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The Field Guide to Dumb Birds of North America

The Field Guide to Dumb Birds of North America

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The Field Guide to Dumb Birds of North America

ratings:
4/5 (10 ratings)
Length:
177 pages
48 minutes
Released:
Apr 2, 2019
ISBN:
9781452177397
Format:
Book

Description

Perfect for the anti-aviary (or bird fanatic with a sense of humor), this snarky illustrated handbook is equal parts profane, funny, and—let's face it—true. Featuring 50 common North American birds, such as the White-Breasted Butt Nugget and the Goddamned Canada Goose (or White-Breasted Nuthatch and Canada Goose for the layperson), Kracht identifies all the idiots in your backyard and details exactly why they suck with humorous, yet angry, ink drawings. Each entry is accompanied by facts about a bird's (annoying) call, its (dumb) migratory pattern, its (downright tacky) markings, and more. With migratory maps and tips for birding, plus musings on the avian population and the ethics of birdwatching, this is the essential guide to all things wings. No need to wonder what all that racket is anymore!
Released:
Apr 2, 2019
ISBN:
9781452177397
Format:
Book

About the author

Matt Kracht is a professional designer and art director based in Seattle who enjoys gazing out the window at the beautiful waters of Puget Sound and making fun of birds.


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The Field Guide to Dumb Birds of North America - Matt Kracht

176

Introduction

Quite a few people have asked me how I came to write about birds, and this is the story I tell them:

I was first introduced to bird watching when I was in the fourth grade. My teacher was an amateur ornithologist and a total nut for birds. Our class went on bird watching field trips. We read about birds. We watched nature documentaries about birds. And we each had to write a Bird Report about a specific bird over Christmas break.

I argued for the black-capped chickadee (I liked them, and they’re everywhere in the Pacific Northwest where I live) but was ultimately assigned the golden-crowned kinglet. These things are nearly impossible to spot: they’re tiny, they hang out in the deep woods, and they don’t want to be anywhere near a fourth grader.

I spent countless hours in the cold, dripping November woods and the knee-high grass of marshy fields with the dew soaking through my shoes trying to spot a golden-crowned kinglet so I could write my observations for the report. I never saw one. Maybe I saw one once in a tree. But it might have been a pinecone. Impossible to tell at that distance.

The Bird Report was the first real report I ever had to write. It was also my first experience with crushing academic anxiety. On the last day of Christmas vacation, I cried because I didn’t know how to begin writing about a bird I had never seen in reality. Vacation was over, there was no time left, and I was paralyzed by impending failure. In the end, my mom made me hunker down and do it anyway.

When I was finished, I had a blue cardboard report binder titled, Bird Report, which held the meager collection of handwritten pages and drawings that I was able to eke out in one long evening of despair spent with an encyclopedia and a field guide borrowed from the library. It was C- material at best.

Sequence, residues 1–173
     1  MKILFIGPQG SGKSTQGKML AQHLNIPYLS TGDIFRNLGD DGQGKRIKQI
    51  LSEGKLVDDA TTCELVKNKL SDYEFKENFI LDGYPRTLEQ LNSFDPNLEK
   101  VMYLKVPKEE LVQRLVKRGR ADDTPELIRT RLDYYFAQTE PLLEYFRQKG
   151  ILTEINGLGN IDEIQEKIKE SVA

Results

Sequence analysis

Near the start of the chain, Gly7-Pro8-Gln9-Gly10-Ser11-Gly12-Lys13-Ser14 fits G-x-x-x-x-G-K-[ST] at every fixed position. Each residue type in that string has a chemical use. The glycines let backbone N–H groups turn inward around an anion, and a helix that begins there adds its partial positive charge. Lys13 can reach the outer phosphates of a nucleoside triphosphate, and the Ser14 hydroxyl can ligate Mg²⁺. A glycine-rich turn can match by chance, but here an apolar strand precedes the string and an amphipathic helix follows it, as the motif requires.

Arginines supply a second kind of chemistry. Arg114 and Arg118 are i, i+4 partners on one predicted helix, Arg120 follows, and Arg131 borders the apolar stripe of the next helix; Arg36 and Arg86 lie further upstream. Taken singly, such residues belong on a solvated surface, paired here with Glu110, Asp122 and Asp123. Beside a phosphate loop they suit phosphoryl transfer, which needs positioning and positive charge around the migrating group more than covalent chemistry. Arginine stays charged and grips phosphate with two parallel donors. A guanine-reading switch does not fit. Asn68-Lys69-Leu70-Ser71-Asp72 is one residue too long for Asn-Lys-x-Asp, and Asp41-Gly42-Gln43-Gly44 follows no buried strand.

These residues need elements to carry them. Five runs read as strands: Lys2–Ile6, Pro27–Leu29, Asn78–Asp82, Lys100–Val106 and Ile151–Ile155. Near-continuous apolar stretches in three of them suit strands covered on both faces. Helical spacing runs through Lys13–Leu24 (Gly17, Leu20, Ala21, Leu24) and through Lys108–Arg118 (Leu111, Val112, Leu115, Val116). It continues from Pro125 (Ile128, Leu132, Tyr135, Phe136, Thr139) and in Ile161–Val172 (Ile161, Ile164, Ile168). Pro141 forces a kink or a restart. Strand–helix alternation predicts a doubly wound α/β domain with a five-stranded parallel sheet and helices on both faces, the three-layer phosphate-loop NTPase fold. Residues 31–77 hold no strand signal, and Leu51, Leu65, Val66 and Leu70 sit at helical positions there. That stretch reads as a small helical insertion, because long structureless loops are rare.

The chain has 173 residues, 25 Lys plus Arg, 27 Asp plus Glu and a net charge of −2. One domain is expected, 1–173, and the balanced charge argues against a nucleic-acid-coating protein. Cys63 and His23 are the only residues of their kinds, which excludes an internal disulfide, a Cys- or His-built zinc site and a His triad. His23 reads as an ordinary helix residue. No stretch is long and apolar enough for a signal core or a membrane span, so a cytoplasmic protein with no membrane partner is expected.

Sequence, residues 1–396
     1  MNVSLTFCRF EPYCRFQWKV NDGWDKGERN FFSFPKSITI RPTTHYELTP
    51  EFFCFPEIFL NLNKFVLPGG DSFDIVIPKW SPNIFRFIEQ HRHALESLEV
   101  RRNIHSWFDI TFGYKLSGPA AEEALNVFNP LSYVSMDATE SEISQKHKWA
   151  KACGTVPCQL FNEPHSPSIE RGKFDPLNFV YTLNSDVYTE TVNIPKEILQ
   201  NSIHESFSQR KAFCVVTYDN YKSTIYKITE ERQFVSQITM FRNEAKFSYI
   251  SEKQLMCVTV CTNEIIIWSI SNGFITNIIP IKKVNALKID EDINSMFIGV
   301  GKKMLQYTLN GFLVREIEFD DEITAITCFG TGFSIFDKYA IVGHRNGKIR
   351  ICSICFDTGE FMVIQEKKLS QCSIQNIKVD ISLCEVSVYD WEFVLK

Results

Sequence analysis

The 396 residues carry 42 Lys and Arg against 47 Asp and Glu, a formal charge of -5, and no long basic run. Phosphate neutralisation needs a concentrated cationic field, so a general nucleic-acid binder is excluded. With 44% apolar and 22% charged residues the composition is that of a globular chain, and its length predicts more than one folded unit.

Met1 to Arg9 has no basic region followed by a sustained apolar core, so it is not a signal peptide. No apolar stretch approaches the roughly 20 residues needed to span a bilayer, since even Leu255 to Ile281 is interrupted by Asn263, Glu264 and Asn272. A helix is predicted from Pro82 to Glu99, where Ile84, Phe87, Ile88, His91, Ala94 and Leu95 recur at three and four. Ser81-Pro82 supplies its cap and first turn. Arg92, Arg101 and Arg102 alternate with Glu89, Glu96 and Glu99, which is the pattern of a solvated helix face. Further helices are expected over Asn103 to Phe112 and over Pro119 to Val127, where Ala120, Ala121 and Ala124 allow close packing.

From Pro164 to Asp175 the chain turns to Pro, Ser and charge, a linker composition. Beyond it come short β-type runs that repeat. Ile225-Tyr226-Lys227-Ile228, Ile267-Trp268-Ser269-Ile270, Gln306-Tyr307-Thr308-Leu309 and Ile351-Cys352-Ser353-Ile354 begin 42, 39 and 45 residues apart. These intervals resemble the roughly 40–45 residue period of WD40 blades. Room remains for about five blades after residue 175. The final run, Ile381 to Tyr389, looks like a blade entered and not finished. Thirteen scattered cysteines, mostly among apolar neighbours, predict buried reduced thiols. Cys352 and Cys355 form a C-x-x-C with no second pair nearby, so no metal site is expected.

Fast-forward three and a half decades. Life is great and I’m taking a nice New Year’s Day walk with my wife along the shore of the Puget Sound near our home. The air is crisp, the water is lapping at the shore, the wind is rustling in the trees, and the sun is shining. Then I see it—not three feet away in the bushes at the edge of the woods—unmistakable: The Golden Crowned Kinglet! I couldn’t believe it. It was literally within arm’s reach.

I froze and pointed it out to my wife. "Look, I whispered loudly, a golden-crowned kinglet!"

I carefully pulled my phone from my pocket to snap a picture of it—proof of achievement for an assignment I suddenly realized had felt incomplete for nearly forty years. But that tiny little fucker would not stop jumping from spot to spot, barely landing in the branches of a bush for a split second before it flitted away behind a leaf or into some tall grass, each time before I could find it and my camera could focus on it. It was like trying to capture photographic evidence of Bigfoot.

Pretty, my wife said when it finally flew away into the trees, and we walked on.

"You little son of a bitch," I thought. The rest is history.

Section 1:

How to use this book

If you are new to bird watching, you may benefit from familiarizing yourself with this guide and its different parts, especially the part with the birds in it. In addition to a drawing of the bird, each entry includes a description of physical appearance and notes on its behavior, calls, and general disposition. These are intended to aid not only with proper identification, but to help you on your way to a deeper understanding and appreciation of how truly horrible these tiresome little creatures are.

Beyond the descriptions of birds, you will find information in this book covering many topics of interest to the bird watcher, including the history of bird watching, methods of identification, where to look for birds, tips for bird watching, seasonal bird watching and, if you are inclined

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